Ministry Asks: Why Are Prices So High at Ikea Israel?

YERUSHALAYIM -

In recent years, Ikea has become one of the biggest sellers of furniture in Israel. But the company, which has four branches in Israel and is set to open a fifth, has been accused of overcharging Israelis – and now the Economy Ministry is demanding explanations from the chain on why that is.

“After we encouraged competition in the pharmacy sector, we will deal with the high prices of Ikea,” Economy Minister Eli Cohen said. “Ikea’s prices in Israel are significantly higher than they are anywhere else – 32% higher on average. In some cases, prices for the same item are 27% higher here than abroad, in other cases the gap is 50%. I will recommend commissioning a study of all of Ikea’s prices around the world and comparing them to Israel’s prices,” he said.

Cohen made the statement based on a preliminary study comparing prices of 60 items sold by Ikea Israel with prices of the same items sold in other countries, including Holland, Italy, Austria, France, England, Denmark, and Australia. Among the prices checked were those for living room sets, beds and mattresses, carpets, closets, dining room sets, and children’s products. Israeli prices were on average 27% more than for the same products in Australia, and 56% more than in Italy and Holland.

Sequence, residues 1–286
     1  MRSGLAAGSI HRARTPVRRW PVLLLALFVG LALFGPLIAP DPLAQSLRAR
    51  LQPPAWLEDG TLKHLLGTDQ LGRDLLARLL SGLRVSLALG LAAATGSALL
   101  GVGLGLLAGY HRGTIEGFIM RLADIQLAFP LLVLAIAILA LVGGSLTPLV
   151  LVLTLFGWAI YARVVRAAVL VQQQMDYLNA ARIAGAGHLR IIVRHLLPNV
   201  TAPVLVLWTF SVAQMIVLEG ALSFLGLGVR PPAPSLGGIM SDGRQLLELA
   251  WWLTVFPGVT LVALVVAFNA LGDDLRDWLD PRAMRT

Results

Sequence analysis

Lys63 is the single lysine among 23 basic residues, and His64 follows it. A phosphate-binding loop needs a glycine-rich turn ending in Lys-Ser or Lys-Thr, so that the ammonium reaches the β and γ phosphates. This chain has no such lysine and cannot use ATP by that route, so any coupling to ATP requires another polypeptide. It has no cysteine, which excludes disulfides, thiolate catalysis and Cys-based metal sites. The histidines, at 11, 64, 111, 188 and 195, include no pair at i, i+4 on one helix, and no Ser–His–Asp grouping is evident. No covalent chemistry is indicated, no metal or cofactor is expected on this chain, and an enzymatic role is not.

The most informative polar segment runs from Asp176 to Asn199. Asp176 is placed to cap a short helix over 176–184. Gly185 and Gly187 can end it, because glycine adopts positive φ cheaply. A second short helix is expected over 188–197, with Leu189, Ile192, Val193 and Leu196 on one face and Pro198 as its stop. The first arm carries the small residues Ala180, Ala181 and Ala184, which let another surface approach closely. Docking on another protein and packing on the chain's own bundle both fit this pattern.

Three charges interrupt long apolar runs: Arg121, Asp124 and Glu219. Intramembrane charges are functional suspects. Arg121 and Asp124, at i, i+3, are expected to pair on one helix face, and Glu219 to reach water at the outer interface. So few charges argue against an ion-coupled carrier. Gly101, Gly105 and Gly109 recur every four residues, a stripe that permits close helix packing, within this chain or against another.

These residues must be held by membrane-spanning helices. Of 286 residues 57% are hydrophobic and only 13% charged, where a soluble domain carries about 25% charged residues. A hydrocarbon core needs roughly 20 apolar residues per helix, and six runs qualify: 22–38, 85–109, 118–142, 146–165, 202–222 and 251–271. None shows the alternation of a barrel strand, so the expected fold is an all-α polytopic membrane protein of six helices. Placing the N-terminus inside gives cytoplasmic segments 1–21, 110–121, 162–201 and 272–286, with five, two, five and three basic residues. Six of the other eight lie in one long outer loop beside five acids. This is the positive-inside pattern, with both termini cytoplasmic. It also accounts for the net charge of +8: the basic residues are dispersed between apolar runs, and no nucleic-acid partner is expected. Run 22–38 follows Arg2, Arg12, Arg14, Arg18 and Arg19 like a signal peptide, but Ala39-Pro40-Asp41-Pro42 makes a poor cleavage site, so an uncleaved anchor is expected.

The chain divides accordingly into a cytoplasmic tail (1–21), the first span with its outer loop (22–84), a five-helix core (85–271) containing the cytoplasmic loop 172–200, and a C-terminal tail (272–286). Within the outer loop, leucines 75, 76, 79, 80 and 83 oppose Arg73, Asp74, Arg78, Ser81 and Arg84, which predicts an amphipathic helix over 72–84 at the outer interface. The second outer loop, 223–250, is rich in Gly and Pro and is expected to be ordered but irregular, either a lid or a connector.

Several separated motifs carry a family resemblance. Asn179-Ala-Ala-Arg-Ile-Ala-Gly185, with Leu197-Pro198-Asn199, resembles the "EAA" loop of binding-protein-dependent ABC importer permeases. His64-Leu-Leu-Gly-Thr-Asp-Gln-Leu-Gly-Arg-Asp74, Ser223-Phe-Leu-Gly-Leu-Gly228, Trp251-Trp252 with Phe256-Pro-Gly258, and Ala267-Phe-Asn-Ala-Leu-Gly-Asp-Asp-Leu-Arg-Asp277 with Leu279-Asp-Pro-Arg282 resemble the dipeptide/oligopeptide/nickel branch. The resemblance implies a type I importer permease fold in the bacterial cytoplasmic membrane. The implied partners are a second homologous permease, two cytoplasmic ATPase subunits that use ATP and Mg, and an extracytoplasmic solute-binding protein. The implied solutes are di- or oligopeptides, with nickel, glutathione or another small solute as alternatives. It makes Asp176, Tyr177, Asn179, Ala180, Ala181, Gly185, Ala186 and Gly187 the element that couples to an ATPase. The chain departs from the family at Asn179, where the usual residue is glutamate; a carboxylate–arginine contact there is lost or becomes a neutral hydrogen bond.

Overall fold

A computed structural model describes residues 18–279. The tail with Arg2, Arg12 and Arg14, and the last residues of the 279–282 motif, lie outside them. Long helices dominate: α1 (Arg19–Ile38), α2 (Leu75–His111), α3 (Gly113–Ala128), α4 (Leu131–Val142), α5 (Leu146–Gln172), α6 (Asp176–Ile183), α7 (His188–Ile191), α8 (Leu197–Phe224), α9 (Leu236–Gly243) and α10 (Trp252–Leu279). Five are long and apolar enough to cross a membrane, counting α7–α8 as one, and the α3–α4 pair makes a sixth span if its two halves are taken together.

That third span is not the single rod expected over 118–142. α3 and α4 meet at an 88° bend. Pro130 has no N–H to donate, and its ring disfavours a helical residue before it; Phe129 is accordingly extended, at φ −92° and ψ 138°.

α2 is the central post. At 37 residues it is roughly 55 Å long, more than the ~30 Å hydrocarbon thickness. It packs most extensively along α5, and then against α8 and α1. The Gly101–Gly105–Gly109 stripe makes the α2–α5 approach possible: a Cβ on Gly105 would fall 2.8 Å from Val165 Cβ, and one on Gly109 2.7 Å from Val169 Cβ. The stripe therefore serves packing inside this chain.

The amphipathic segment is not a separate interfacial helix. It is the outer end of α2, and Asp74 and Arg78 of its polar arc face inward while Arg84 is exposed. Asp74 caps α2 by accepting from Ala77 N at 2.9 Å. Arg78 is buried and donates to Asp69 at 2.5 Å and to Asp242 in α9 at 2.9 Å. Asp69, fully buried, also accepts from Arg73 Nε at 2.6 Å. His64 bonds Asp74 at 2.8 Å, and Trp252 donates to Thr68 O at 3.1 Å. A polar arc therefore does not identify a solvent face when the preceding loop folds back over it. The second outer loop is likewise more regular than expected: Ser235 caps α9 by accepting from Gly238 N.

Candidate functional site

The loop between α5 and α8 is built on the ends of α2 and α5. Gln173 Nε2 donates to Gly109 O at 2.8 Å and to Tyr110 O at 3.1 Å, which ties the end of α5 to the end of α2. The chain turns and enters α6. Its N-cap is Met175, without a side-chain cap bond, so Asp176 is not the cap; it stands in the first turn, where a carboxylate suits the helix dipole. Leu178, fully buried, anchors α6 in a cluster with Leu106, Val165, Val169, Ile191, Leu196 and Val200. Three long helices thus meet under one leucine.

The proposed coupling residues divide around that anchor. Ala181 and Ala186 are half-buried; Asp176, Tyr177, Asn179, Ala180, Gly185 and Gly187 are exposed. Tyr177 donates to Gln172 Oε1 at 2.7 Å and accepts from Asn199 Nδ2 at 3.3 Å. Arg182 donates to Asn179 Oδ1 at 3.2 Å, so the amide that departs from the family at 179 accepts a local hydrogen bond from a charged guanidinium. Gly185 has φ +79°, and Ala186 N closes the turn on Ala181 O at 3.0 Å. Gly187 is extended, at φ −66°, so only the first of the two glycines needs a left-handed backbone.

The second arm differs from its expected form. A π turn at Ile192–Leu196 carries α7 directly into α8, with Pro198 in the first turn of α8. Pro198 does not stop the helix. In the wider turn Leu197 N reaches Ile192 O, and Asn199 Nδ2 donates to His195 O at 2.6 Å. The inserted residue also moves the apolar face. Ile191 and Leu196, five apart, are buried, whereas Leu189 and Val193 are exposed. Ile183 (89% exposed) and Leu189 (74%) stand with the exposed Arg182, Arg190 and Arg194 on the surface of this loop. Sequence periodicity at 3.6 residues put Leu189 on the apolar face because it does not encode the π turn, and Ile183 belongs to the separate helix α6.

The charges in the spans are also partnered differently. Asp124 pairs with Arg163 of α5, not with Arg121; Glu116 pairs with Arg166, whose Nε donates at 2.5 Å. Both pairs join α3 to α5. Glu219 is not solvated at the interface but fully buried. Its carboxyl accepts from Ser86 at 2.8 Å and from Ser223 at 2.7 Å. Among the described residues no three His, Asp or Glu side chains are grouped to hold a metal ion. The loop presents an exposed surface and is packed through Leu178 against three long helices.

The claim that Israelis paid more because of duties, purchase taxes, and Value Added sales Tax were invalid, Cohen said, because the tax structure in many of the European countries examined were similar to Israel – and in some cases, more money was collected in taxes abroad than in Israel.

“There is no reason for these high prices,” Cohen said. “I have nothing against Ikea, I myself shop there, but the company is taking unfair advantage of its popularity in Israel. A price gap of 10% to 20% would be considered reasonable. But the current situation cannot continue.”

In response, Ikea said that it would be happy to lower prices, “and we expect the Minister to help us do so my lowering the bureaucratic expenses we face. We told him before and we repeat that any break we get on regulatory costs will immediately be reflected in lower costs for consumers.”